Travel on two of Wales' greatest little train journeys; the Conwy Valley line from mountain to seaside and the Great Orme Tramway to a nature reserve with white goats and wild flowers.
This is the final part of my circular tour of North Wales using scenic railways. This segment travels on the Conwy Valley Railway from Blaenau Ffestiniog to Conwy and Llandudno.
Britain's longest single-track tunnel
The Conwy Valley line (www.conwy.gov.uk/cvr/) does not have the vintage steam charm of other little trains in North Wales. Modern diesel units are a bit of a disappointment in comparison, but, hey, at least the scenery is good.
The line was originally built to transport slate from the mines in Blaenau Ffestiniog. It begins with a 2 mile tunnel, Britain's longest, that took five years to complete. The transformation from one end of this tunnel to the other is dramatic; it takes you from the huge mountains of slate and stark industrial landscapes into a world of pretty pastures.
The line has a seven arch viaduct, steep gradients, mountains, forests, rivers and moors that kept me enthralled for the one hour journey to Llandudno Junction. From here I made the twenty minute walk to Conwy.
Keep the children in the attic!
Conwy has everything you could possibly dream of. Town walls. Medieval and Victorian buildings. Spectacular castle. Fish and chips. Seagulls to steal your chips.
Built by Edward I between 1283 and 1289 Conwy Castle (£4.60 adult ticket, www.cadw.wales.gov.uk/default.asp?id=6&PlaceID=55) is designed to intimidate and leave you feeling rather small. It has eight towers which you can climb up for superb views over pocket-sized Conwy, the harbour and distant mountains.
The most exciting approach to the castle is across the suspension bridge (£1 adult ticket, www.nationaltrust.org.uk/main/w-conwysuspensionbridge). You would be forgiven for assuming that the bridge was a part of the castle because it also has towers and turrets. But no! It was built in 1826; Thomas Telford cleverly designed it to complement the castle.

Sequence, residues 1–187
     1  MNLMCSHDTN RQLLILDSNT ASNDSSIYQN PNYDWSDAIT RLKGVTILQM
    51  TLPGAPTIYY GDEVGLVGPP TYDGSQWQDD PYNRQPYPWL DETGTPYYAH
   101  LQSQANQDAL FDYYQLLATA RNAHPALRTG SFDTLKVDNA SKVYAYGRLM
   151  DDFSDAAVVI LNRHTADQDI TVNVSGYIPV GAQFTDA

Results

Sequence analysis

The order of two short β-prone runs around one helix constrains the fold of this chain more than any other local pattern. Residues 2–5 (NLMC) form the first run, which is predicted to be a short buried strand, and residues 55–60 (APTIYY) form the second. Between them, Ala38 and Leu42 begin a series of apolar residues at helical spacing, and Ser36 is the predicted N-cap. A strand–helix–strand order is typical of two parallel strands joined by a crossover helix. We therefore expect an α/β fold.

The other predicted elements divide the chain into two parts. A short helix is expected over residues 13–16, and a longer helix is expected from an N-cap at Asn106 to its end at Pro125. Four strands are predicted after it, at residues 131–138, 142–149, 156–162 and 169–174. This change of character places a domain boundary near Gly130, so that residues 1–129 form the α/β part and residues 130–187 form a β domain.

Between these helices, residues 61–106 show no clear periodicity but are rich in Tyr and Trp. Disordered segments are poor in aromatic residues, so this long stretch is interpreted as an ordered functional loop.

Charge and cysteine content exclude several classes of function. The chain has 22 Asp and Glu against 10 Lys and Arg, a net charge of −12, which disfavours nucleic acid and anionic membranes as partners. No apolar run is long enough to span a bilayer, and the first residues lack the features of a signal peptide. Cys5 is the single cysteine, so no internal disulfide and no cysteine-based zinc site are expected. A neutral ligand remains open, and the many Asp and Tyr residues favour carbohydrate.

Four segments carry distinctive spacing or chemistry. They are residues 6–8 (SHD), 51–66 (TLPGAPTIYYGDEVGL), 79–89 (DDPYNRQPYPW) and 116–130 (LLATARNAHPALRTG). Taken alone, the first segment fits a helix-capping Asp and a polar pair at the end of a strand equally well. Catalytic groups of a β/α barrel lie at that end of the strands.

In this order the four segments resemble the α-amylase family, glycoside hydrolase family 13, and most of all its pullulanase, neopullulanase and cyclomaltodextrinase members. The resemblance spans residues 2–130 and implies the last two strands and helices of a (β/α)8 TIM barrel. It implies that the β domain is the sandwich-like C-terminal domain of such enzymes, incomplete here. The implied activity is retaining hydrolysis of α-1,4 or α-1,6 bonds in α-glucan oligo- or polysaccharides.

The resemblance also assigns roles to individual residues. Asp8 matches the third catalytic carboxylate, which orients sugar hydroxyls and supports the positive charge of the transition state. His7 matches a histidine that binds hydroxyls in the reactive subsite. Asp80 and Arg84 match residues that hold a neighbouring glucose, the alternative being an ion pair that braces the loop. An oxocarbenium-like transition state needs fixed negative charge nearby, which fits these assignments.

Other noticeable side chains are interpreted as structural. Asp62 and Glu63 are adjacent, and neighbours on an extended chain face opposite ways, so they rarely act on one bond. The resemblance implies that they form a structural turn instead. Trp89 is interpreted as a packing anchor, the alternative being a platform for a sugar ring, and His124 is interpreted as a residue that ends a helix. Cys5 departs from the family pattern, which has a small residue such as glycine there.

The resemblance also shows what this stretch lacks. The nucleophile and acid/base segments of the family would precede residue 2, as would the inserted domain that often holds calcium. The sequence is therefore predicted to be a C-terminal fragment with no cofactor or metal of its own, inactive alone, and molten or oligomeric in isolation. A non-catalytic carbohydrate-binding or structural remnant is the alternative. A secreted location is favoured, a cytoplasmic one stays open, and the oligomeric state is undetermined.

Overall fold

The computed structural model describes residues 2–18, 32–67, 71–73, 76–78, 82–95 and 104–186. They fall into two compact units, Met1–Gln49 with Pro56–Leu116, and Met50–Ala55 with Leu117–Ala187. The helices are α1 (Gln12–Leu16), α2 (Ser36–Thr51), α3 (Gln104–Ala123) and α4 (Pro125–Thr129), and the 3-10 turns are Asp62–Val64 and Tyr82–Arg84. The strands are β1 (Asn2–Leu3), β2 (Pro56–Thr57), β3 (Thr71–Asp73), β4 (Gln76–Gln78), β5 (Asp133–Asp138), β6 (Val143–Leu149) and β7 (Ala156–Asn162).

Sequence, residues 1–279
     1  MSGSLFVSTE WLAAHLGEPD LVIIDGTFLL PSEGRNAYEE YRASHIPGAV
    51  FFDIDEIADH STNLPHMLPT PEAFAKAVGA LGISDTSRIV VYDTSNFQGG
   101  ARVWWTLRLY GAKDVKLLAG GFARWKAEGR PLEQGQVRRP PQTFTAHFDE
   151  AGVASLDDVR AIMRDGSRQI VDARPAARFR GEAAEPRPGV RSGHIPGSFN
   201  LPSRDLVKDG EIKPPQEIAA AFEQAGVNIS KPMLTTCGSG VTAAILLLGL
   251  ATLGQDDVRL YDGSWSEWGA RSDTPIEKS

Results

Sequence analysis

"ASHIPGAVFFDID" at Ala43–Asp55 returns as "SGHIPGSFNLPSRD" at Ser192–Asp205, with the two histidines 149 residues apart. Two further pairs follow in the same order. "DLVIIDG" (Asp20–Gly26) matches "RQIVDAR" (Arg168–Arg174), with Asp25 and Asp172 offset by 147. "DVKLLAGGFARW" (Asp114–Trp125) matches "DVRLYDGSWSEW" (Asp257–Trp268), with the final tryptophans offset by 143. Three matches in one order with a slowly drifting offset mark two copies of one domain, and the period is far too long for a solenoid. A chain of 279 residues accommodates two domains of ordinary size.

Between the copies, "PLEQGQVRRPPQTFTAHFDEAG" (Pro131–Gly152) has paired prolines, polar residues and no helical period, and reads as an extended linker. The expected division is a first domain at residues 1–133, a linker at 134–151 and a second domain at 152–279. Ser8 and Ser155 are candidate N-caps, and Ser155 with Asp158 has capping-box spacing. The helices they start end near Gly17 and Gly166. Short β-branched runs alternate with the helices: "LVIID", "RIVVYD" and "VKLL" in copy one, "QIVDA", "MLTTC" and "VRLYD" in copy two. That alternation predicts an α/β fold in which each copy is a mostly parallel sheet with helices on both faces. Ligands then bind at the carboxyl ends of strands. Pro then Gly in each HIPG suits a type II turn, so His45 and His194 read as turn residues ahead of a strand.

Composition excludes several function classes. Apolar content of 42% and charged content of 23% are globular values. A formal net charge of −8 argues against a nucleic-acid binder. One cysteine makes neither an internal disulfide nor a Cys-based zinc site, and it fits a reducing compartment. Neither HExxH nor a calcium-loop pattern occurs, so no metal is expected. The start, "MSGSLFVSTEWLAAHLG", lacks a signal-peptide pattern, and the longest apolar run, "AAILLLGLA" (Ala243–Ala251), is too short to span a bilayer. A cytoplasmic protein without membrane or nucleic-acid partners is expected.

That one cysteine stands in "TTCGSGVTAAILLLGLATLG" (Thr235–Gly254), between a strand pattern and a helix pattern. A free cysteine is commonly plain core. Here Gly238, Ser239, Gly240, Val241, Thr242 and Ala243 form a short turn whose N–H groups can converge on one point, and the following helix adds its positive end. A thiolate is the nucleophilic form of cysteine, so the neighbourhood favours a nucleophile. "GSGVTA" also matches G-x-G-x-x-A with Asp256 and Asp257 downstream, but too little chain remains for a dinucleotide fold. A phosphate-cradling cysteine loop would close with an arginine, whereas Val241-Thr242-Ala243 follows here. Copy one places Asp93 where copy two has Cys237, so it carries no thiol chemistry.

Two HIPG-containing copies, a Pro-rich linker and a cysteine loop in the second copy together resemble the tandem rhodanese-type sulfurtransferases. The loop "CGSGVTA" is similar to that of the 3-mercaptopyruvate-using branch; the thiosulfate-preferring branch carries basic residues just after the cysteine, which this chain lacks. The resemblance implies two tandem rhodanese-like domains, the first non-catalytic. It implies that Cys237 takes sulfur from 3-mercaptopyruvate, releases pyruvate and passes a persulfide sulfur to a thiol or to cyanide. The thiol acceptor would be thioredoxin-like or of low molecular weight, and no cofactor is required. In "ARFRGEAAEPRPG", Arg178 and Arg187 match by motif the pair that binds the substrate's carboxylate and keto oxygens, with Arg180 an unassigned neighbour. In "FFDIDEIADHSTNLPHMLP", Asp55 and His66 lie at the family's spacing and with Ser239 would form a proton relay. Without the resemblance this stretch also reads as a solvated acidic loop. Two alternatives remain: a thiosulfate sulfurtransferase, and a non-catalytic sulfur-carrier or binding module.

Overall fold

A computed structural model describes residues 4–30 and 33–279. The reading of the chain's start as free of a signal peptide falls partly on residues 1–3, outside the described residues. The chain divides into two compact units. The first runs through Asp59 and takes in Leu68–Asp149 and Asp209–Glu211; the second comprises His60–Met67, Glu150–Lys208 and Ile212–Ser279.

I visited the tiny tollhouse where a family once lived and collected the fees for crossing the bridge. The guide pointed to a trap door in the ceiling and told me with a smile that the children had lived up there! I asked how the family got money from customers, imagining that they had to stand outside and operate some sort of barrier. My modern cynicism had clearly got the better of me because in those days the family got on with their lives in the house and customers would politely knock on the front door and offer to pay.
A “worthy, plentiful house”.
This is how Robert Wynne described his 1586 house, Plas Mawr (£4.60 adult ticket or joint ticket with castle for £6.85, www.conwy.com/plasmawr.html). It is regarded as the best preserved Elizabethan town house in Britain and has a lovely period atmosphere. Inside there is exquisite ornamental plasterwork and original furniture and the chance to climb the observation tower. The building is beautifully rendered in lime with steeped gables and a Tudor garden.
480 firing positions and 22 towers
These are some of the impressive statistics about Conwy's town walls. The walk along them is ¾ of a mile and the views are awesome. The last time I was this impressed by town walls was in Dubrovnik, Croatia, one of that town's greatest features. Unlike Dubrovnik, Conwy's town walls are free to walk.
Apple pie with a view
There are plenty of nice cafes in Conwy to take a well earned rest- walking up and down those castle towers and along the walls will need some serious calories.
The Tower Coffee House is across the road from the castle and has booths with views over the bay. The windows were wide open so that a pleasant breeze accompanied my apple pie and coffee deal.
Fish and chips is a must in a town by the sea and Archway (12-14 Bangor Road,01492 592458) is the place to get some. The queues of locals is a good sign and you can either sit in or better still take your package down to the benches on the harbour. For me it is the crispiness of the batter that makes a fish supper and this place gets it very right.